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Norris City Council turns down RV park rezoning, but will reconsider Aug. 12

Covenant Life Church’s Solid Rock RV Park is shown at full capacity of 16 recreational vehicles in this November 2022 file photo, taken from the entrance to the park from Norris Freeway across from Cross Pike Road.. - G. Chambers Williams III
On a 3-0 vote, with two council members absent, the Norris City Council on Monday night rejected a rezoning ordinance on first reading that would have allowed Covenant Life Church to use part of its Norris property for a recreational-vehicle park.

But that’s not the end of it.

Mayor Chris Mitchell asked the council to schedule a public hearing on the rezoning request for 5:30 p.m. Aug. 12, just prior to the next regular council meeting at 6 p.m., and to vote a second time on the proposed ordinance.

This was an unusual move, because normally a proposed ordinance is dead if the council votes it down on first reading.

Usually, a public hearing is scheduled only when an ordinance passes on first reading, and the hearing normally comes before the proposed ordinance is on the council agenda for second and final reading.

In this case, the mayor said he wanted to schedule the public hearing to allow church representatives extra time to appear before the council to state their case in favor of the ordinance, which would rezone a 3.3-acre parcel of the church’s 17.6-acre Norris campus to C2, a general commercial zone. RV parks and trailer parks are permitted in such zones, but are not currently allowed in the P1 professional/civic zone that covers the church property now.

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Board outlines process for speaking on ‘actionable items’

If you want to speak to the Anderson County Board of Education at its coming meeting, you’ll need to arrive early and fill out a form.

The meeting will be at 6 p.m. Thursday (July 11) at 101 S. Main St. on the top floor. Members of the Board of Education said at a work session on Monday, July 8, that they had gotten criticism for not allowing the public to speak at an earlier meeting during which the board discussed staff implicated in changing grades at Clinton High School. However, board Chairman Scott Gillenwaters said the rules for speaking had not changed, and the board was following them.

“They say that we did not allow anyone to talk, and no one had asked to talk,” board member Teresa Portwood said.

Gillenwaters said he planned to speak further on the issue of citizen comments on Thursday. It appears as an action item on the agenda for discussion purposes, even though no one on the board or staff has suggested changing it.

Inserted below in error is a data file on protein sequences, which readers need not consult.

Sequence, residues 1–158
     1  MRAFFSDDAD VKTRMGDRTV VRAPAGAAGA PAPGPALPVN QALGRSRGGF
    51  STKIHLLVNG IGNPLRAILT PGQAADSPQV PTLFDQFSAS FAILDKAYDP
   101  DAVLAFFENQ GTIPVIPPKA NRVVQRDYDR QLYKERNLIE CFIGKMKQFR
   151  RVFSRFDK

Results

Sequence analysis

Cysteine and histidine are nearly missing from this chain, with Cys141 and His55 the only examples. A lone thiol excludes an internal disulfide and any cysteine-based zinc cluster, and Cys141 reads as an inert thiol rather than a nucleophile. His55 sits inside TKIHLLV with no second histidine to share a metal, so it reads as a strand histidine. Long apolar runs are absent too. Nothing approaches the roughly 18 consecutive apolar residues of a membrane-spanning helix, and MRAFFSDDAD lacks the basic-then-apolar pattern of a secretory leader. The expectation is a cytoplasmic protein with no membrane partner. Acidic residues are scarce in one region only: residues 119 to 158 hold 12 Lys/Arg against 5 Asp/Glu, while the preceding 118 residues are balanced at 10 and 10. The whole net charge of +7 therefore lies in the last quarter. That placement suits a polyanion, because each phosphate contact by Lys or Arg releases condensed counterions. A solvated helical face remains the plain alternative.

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Ideas for use of opioid settlements discussed

Anderson County EMS Director Nathan Sweet addresses the Anderson County Opioid Settlement Committee at High Places Community Church in Oak Ridge. - Ben Pounds
Anderson County commissioners are still looking at how to spend funds coming in from settlements with pharmaceutical companies for damages from the opioid crisis.

A committee of three commissioners, led by Shelly Vandagriff but also including Joshua Anderson and Tim Isbel, has been looking at different ways to spend the funds, meeting with nonprofits and governmental agencies.

Previously, the county had $650,000 to spend, but more and more settlements continue to come in.

The commission in February added $207,216 from a settlement with Walmart, Walgreens, CVS, Allergan, and Teva. At its June meeting the commission accepted yet another settlement, this one for $7,068 over 11 years. It may also get a maximum $77,748 over 11 years from a separate opioid abatement fund related to the same Kroger settlement, Anderson County Mayor Terry Frank has told The Courier News.

Vandagriff said that some of these funds can go only toward abatement efforts, specifically measures provided by the Sheriff’s Office or Anderson County Emergency Medical Services. She said the county had already given EMS some of these funds for an ambulance station in Claxton.

Other funds she said, had to go toward long-term remediation, such as rehabilitation efforts and other assistance, including possible work with nonprofits.

Vandagriff said she planned to ask the nonprofits to submit plans, but her committee had not yet decided on the details of the process.

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Homeschoolers ‘journey’ into microscopic world.

Susan Malekpour, microbiology professor at Roane State Community College, will present Microscopic Explorers: Journey into the World of Microbiology for homeschool students in a class through the American Museum of Science and Energy, 11 a.m. through 12:30 p.m. Thursday, July 18.

“Explore the fascinating differences between animal cells and microorganisms. Delve into the universal presence of germs, uncovering their significance, and discover effective strategies for preventing illness caused by bacteria and viruses,” an official announcement stated.

The program will be for fourth- through eighth-grade students.

Students can sign up at

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